Increasing early identification of SUD and mental health conditions: Identifying behavioral health conditions as soon as possible during and after pregnancy is critical to providing the necessary treatment and services to ensure healthy outcomes for mothers and their babies. The Substance Abuse and Mental Health Services Administration (SAMHSA) recommends screening pregnant women for SUD in multiple settings, including the emergency department, OB/GYN visits, primary care visits, and well-child visits. States are also encouraging screening for mental health conditions in a variety of settings including well-child, prenatal, postpartum, and emergency department visits. Maternal mental health conditions are the most common complications of pregnancy and childbirth. Additionally, postpartum depression is common and has been shown to negatively impact maternal and infant health outcomes. Currently, Medicaid programs in 43 states and Washington, DC recommend, require, or allow maternal depression screening as part of a well-child visit. However, depression in pregnant and non-pregnant women of reproductive age often goes undiagnosed.
To increase early identification, MMRCs commonly recommend three strategies (For specific state recommendations see Table 2.)
- Provide adequate insurance coverage for screening. Virginia’s BabyCare program provides behavioral risk screening for pregnant Medicaid enrollees. The behavioral health risks tool screens for tobacco use, alcohol and other drug use, emotional health, and intimate partner violence.
- Use data systems and medical record review to monitor risk factors and track patterns. In Illinois, the MMRC notes that health care providers must, by state law, use the Illinois Prescription Monitoring Program to review patients’ past prescriptions and identify potential dependence and drug-seeking behavior. The Illinois MMRC now recommends hospital obstetric and emergency departments train providers on best practices for treating patients with SUD, including how to integrate the Illinois Prescription Monitoring Program into the electronic medical record.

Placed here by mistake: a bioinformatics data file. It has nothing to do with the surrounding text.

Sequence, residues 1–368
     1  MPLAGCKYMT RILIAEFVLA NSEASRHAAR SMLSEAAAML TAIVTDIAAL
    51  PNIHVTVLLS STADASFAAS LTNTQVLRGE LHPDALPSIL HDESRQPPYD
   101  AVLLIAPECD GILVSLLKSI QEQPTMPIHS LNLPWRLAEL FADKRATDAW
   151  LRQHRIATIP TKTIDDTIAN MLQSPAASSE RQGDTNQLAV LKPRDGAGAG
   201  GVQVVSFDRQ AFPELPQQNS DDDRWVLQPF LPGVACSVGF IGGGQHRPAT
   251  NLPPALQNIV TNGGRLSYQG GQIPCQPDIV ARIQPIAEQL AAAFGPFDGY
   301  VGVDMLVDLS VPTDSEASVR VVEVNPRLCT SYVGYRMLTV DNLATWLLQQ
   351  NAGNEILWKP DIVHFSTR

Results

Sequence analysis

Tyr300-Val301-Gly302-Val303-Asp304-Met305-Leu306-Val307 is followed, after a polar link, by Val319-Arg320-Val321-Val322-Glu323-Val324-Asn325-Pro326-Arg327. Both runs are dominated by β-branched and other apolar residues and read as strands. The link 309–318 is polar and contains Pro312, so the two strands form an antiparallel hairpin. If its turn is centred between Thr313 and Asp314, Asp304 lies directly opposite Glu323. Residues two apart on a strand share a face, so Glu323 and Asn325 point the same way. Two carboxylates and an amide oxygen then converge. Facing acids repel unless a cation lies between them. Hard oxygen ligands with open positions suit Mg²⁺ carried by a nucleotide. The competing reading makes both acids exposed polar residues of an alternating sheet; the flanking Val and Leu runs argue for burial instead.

- Implement universal screening of pregnant women for behavioral health conditions using validated tools (e.g., SBIRT)  in multiple health settings, including emergency rooms and pediatric primary care. Considering its MMRC recommendations, New Jersey recently rolled out new Medicaid initiatives, including requiring providers to complete the Perinatal Risk Assessment (PRA) form during the first prenatal visit for all enrollees. The PRA form identifies demographic, medical, and psychosocial factors, including impacts of COVID-19, SUD, and mental health conditions, to help determine case management plans for pregnancies.
Ensuring appropriate referrals and follow up for women with SUD and mental health related needs: Referrals and linkage to follow up services are key components to ensuring pregnant women receive needed care. Linking pregnant women to behavioral health related services is challenging due to several issues, including stigma, lack of resources, and coverage. One policy area that MMRCs identified for states to improve is working with providers to make sure pregnant women are referred to services and ensuring links to these services through appropriate follow-up coordination after the referral is made.
MMRCs commonly recommend two strategies to ensure appropriate follow-up occurs. (For specific state recommendations see Table 3.)